Now to the question, “Do community building events (like lunch after church) provide a space for greater inclusion?” I am going to submit that these events do not. These types of events are intimidating for new or unengaged attenders. These types of events are like trying to find a seat in the lunchroom at a new school during your freshman year of high school. Unless you are already connected to someone in attendance, new people normally find a seat by themselves and people that have long standing relationships in the church acquire a group of seats together. Therefore, unless current members go out of their way and find new people in the crowd inviting them into their group, these events simply remind the new and unengage attender more of what they do not have but desire tremendously: true community.
There are ways that events like this can promote greater inclusion, but they must be done with much intentionality. It is simply human nature to desire to be with people that you know and like. This is normally how these events end up. Long time church members sit with long time church members and new or unengaged attenders sit alone. Long term members mean nothing by this. They simply do not think about it. They want to talk with friends about new and exciting moments in life and these types of events provide a platform for that.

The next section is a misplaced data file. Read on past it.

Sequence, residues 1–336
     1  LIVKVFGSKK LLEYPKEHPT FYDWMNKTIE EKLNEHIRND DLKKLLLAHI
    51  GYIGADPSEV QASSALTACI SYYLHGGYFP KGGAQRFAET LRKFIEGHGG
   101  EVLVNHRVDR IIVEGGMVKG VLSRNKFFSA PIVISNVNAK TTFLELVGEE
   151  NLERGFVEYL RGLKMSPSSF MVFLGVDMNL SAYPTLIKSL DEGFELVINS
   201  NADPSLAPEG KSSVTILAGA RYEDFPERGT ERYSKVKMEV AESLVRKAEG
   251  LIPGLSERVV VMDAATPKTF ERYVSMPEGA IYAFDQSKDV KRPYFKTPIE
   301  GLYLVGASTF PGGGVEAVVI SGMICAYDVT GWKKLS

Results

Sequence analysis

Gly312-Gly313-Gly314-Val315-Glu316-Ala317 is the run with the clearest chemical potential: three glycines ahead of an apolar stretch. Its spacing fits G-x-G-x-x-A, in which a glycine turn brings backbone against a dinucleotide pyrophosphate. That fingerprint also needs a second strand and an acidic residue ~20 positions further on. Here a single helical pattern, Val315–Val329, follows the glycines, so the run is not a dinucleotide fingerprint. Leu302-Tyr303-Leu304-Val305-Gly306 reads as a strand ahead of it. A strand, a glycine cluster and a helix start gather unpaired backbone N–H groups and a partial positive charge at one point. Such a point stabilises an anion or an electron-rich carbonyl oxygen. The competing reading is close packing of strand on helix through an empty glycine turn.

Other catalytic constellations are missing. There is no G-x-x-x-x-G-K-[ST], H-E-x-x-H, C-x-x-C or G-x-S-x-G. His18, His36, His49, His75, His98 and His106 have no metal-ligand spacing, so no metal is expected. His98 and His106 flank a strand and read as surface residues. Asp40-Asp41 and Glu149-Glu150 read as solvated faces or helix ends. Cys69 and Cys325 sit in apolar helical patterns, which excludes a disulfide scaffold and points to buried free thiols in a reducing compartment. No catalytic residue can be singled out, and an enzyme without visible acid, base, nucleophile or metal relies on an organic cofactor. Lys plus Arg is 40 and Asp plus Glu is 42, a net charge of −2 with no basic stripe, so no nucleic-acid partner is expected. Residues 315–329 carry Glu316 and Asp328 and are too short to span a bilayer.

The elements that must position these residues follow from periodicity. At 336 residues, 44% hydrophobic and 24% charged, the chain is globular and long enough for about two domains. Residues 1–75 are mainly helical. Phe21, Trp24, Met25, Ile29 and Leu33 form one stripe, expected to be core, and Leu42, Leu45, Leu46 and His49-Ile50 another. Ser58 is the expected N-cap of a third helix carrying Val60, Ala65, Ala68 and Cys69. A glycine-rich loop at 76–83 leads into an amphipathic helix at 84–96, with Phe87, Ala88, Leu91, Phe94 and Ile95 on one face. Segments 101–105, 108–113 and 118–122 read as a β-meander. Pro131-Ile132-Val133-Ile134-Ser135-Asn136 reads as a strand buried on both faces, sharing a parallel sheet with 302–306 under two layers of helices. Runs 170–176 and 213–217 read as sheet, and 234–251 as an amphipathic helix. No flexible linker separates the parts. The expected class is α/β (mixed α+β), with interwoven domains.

So, while community building events are fun, they are not a good platform for greater community as measured by greater inclusion.
Another metric for measuring a community building activity is whether it provides current members a space for greater intimacy. Does this event give current members a platform to deepen their relationships with those they already know through open and honest dialogue? These types of events are important for the spiritual health of the church. Two keys to health in the Christian life are support and accountability. An important step in this process is to have a space where you can be known by a group of people. These people know your highs and lows. These people know your strengths and struggles. These people can ask you hard questions from a place of love. These people are helping you become like Jesus.